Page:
GSK bolsters cancer pipeline with $1.9bn Sierra Oncology buy

GlaxoSmithKline (GSK)

GlaxoSmithKline has agreed a deal to buy Sierra Oncology and its lead drug momelotinib for anaemia associated with the blood cancer myelofibrosis, sending the US biotech's shares skywards.

GSK is paying $55 per share in cash for Sierra – a 39% premium to its closing share price yesterday – which values the company at around $1.9 billion. Shares in Sierra were up 38% in pre-market trading this morning.

In a statement, GSK said that momelotinib could answer a "critical unmet need" in myelofibrosis patients with anaemia, a symptom of the diseases which can be made worse by current JAK inhibitor therapies for the disease including Novartis/Incyte's blockbuster Jakafi (ruxolitinib).

Like Jakafi, momelotinib is a JAK1/2 inhibitor, treating the cancer, but Sierra's drug also targets other pathways – called ACVR1 and IRAK1 – which the biotech thinks lead to its benefits on anaemia.

The UK pharma group has snapped up Sierra as the company is poised to file for approval of momelotinib in the US within the next few weeks and in Europe before year-end, armed with phase 3 data reported in January.

In the MOMENTUM trial, which involved myelofibrosis patients previously treated with JAK inhibitors and anaemic, momelotinib reduced the need for blood transfusions, with 31% of patients transfusion-independent at week 24 compared to 20% of a control group treated with danazol, a steroid used to treat anaemia.

GSK said it expects momelotinib to start to contribute sales in 2023, and analysts have suggested that in time it could grow into a $1 billion-plus product, carving out a niche in a category currently dominated by Jakafi, which is expected to make $2.3 to $2.4 billion in sales this year.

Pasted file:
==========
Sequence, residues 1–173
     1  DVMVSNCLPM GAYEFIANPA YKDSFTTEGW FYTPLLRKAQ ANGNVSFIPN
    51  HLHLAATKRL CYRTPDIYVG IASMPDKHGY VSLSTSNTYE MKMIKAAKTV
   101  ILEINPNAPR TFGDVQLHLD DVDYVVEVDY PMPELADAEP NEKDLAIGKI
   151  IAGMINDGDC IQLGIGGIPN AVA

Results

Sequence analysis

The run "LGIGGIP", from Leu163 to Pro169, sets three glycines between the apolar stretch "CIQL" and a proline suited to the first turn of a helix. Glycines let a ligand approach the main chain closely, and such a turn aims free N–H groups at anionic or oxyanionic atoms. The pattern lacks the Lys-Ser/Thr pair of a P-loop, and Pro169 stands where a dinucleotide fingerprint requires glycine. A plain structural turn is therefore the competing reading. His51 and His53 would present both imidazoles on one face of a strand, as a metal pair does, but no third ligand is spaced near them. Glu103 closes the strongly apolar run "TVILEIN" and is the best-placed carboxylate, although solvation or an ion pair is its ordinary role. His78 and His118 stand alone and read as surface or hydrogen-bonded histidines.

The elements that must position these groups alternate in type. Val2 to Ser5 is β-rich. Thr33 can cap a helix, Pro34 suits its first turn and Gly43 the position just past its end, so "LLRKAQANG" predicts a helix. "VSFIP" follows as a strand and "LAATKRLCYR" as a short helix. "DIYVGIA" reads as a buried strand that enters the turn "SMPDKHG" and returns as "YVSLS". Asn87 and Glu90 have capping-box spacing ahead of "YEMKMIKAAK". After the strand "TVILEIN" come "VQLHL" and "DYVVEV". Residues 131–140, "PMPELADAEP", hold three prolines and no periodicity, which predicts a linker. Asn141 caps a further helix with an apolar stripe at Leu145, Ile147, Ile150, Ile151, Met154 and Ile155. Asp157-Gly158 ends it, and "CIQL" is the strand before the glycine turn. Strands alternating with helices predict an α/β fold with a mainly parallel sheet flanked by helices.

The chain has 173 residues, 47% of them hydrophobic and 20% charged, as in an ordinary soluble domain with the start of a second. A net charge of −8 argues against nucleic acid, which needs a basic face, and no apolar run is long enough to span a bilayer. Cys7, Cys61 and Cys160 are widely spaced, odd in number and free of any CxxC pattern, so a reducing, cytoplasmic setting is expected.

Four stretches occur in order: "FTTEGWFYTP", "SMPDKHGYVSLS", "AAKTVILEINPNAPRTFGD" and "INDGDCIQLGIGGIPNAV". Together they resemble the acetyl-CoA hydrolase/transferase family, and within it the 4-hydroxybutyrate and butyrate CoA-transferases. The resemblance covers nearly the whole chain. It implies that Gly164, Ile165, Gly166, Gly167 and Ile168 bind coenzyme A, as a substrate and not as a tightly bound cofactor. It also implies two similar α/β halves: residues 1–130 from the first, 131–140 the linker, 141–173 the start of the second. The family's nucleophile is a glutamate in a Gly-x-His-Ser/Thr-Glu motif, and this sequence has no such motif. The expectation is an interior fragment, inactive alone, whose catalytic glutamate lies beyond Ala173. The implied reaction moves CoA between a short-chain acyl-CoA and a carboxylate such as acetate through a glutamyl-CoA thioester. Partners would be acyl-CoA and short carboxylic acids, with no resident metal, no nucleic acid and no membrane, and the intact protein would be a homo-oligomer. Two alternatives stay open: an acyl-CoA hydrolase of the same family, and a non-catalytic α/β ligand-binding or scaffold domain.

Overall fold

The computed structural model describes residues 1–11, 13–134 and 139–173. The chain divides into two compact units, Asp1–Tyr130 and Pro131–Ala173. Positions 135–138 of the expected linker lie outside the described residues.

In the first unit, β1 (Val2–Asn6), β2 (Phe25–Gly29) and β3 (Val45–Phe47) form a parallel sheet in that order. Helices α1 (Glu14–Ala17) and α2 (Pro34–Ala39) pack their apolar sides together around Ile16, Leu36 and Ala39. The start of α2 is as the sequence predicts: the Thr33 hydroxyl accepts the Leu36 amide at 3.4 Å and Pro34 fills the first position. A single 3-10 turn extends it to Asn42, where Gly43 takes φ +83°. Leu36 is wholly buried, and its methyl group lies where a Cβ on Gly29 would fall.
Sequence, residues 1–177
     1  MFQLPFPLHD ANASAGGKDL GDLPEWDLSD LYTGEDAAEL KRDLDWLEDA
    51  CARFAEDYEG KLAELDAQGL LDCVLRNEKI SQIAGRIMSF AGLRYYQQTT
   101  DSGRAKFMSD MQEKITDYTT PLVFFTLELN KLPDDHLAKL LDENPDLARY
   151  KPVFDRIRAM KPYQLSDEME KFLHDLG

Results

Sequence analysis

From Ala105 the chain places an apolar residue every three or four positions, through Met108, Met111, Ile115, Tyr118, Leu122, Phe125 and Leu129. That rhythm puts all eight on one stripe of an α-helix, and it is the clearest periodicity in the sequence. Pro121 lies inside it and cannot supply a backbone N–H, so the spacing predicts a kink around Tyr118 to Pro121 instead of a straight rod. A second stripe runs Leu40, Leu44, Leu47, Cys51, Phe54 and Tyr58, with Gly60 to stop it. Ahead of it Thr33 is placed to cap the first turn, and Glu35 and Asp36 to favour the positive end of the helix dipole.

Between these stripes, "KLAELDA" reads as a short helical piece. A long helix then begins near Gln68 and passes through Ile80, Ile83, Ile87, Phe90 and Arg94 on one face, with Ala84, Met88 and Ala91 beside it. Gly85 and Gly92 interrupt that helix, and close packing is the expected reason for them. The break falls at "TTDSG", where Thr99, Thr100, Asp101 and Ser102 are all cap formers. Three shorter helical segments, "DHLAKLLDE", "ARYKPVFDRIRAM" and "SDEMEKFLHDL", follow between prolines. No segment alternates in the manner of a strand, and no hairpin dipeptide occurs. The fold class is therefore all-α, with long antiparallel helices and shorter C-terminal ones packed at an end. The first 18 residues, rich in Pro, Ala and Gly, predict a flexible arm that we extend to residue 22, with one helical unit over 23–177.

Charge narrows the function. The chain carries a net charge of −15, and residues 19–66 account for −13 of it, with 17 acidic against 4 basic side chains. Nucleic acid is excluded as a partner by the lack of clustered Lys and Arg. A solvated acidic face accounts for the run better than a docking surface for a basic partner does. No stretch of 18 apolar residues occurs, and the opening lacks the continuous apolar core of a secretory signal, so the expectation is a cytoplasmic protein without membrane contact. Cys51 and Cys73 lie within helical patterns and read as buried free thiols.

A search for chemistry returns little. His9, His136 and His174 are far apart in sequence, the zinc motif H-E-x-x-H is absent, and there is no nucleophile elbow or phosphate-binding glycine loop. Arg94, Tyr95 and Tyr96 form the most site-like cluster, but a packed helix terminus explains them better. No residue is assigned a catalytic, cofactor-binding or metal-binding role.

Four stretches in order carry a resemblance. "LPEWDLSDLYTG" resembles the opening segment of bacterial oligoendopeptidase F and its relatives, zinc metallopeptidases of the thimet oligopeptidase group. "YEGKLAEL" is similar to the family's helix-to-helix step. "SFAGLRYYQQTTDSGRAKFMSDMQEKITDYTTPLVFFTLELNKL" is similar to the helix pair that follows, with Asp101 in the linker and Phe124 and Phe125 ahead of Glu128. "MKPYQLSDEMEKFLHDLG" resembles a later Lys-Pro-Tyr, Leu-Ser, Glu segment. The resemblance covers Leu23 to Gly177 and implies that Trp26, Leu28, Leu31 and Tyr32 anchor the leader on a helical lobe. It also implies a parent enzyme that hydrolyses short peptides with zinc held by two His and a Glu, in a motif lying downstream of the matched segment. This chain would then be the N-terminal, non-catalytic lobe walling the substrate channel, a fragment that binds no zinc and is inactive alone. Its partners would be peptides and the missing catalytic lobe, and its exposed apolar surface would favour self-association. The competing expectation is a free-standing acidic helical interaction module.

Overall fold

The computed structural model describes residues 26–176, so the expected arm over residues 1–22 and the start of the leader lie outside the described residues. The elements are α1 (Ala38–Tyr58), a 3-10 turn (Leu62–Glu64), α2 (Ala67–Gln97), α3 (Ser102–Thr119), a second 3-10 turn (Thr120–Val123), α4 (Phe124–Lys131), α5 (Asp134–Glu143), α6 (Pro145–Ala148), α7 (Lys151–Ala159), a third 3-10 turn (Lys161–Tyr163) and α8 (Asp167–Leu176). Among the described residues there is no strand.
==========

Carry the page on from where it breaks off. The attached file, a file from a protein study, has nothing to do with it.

Anaemia is the main reason why people with myelofibrosis discontinue treatment. It affects around 40% of them at diagnosis, and almost all go onto to develop it eventually. Treatment with JAK inhibitors exacerbates anaemia, raising the risk that patients will need blood transfusions.

Momelotinib will complement Blenrep (belantamab mafodotin), GSK's BCMA-targeting antibody-drug conjugate, which was approved in 2020 as a therapy for multiple myeloma, another form of blood cancer, said the big pharma's chief commercial officer Luke Miels.

GSK has previously said it thinks Blenrep could become a $4 billion product at peak, although other BCMA therapies reaching the market that is viewed as an ambitious target.

The decision to beef up its haematology pipeline comes after a setback in GSK's late-stage pipeline involving its RSV vaccine, which has run into trouble in phase 3 trials involving pregnant women.

Sierra acquired momelotinib from Gilead Sciences in 2018 after equivocal results in earlier phase 3 myelofibrosis studies.